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The Federalist’s Big Month

It’s been a big month at The Federalist, in part because it’s the end of the world as we know it, but we feel fine.


If the month of June told us anything at The Federalist, it is that the world is falling apart in exactly the way we have anticipated, and that’s why we’re needed. It was our biggest traffic month ever in the less than two years since we launched, and we have the culture war – and more specifically Caitlyn Jenner, Rachel Dolezal, Alexander Hamilton, the Confederate flag controversy, and Justice Anthony Kennedy – to thank for it. Through it all, our talented writers have provided opinion analysis on these issues and more from a perspective that has been lacking for too long in a center-right publication – one which puts culture first, and engages it as it is, with an understanding that our politics is downstream from all the things people in real life talk about every day.

What is remarkable about all these controversies is how much their elements reflect the concerns many of our writers have been talking about separately, before we brought them all together, for years – particularly concerns about encroachment on liberty in a newly aggressive way by a mob of intolerant extremists interested in silencing dissent. The culture war has gone through many different phases – Rob Tracinski and I will have a piece on that Monday – and the center-right media has responded to it differently within those phases. But it’s clear now that we are entering a new stage of the culture war, where the priority is eliminating the presence of opposing views in the public square.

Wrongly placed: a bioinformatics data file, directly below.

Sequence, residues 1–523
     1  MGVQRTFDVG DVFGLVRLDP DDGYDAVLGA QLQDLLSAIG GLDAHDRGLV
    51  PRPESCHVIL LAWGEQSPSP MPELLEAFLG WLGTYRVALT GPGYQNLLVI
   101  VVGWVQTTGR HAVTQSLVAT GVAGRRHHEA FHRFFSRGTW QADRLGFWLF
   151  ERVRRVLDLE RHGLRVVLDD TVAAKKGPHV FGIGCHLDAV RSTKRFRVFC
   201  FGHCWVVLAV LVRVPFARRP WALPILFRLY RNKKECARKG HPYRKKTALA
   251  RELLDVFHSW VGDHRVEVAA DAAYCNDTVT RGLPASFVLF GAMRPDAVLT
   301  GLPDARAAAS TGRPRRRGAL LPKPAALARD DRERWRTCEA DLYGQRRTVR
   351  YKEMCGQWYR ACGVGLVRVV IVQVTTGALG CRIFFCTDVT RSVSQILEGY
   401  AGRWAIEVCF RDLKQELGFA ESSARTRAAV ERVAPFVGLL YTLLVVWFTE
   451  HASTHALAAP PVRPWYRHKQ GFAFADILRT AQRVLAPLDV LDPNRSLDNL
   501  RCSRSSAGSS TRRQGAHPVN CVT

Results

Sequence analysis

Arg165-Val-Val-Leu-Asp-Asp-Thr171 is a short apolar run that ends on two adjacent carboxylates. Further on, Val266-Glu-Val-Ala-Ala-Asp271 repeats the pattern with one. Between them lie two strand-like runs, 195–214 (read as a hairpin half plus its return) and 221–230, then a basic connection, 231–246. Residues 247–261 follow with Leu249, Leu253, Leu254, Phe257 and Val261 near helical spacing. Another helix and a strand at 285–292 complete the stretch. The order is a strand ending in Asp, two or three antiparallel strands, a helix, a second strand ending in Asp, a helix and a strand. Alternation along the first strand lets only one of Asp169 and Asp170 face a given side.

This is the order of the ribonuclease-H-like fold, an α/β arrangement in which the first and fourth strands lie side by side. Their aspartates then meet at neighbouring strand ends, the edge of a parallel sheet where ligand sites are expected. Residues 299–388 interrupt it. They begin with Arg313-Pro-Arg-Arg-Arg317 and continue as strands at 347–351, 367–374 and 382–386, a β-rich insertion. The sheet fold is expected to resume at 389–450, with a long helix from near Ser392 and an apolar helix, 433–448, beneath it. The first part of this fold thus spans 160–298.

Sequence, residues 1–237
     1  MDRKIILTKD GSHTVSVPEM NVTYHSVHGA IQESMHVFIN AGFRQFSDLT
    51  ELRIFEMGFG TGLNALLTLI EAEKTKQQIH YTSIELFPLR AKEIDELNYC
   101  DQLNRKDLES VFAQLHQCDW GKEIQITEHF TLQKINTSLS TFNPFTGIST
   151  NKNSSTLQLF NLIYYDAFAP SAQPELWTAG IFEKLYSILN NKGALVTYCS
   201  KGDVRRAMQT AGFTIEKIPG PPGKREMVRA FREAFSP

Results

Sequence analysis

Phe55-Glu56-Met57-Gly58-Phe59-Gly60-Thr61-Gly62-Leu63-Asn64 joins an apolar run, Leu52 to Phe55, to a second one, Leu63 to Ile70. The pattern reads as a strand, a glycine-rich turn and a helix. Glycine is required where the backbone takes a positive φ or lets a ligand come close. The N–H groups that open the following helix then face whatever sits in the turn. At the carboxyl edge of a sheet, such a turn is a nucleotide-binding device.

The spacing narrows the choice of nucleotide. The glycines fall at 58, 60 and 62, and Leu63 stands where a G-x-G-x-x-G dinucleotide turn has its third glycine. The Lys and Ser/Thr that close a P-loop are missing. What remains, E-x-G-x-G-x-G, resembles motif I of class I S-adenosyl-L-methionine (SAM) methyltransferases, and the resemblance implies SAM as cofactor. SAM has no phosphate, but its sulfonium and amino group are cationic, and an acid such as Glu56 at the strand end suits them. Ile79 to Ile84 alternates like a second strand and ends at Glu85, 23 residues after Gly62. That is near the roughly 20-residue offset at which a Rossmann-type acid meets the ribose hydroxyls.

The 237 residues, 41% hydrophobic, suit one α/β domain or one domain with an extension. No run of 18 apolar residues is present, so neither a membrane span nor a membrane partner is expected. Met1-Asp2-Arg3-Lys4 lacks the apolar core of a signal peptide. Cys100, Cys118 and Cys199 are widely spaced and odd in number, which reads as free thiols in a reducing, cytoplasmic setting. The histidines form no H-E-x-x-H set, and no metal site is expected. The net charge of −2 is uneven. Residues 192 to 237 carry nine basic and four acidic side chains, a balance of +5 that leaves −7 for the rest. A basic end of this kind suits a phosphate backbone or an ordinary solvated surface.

When William F. Buckley started National Review sixty years ago, the enemies of American liberty were very different than they are today, as they were when Bill Kristol started the Weekly Standard twenty years ago. The threats to freedom today come from an emboldened secular left that is fundamentally at odds with the principles of individual liberty that undergirded the American revolution, that will broker no dissent, and that will raise up safe spaces, seek out microaggressions, insist on trigger warnings, install speech codes, and threaten thoughtcrime wherever they find it.

Liberals generally under President Obama have sought to govern the country as they would a big city – installing policies which regulate to the nth degree the actions, property, and choices of Americans. But we are seeing here a different and more damaging strain of the left emerge in the latest stage of the culture war – one that seeks to govern the nation as if it were a college campus. In their childish view, society is a hermetically sealed environment totally controlled by authority, and when the assertion of traditionalism itself is nothing more than a giant trigger, rights to speech, association, religion are subject to permission.

We should engage in culture happily, though, and I am hopeful, not just because of the fact our message about culture at The Federalist is resonating, but because the extremists on the other side are already overreaching to such a degree that a response from reasonable Americans is inevitable. The story of the culture wars is a story of overreach and backlash. There will be a backlash, and we are happy to be part of it.

So thank you for reading us, and I hope you never find us boring!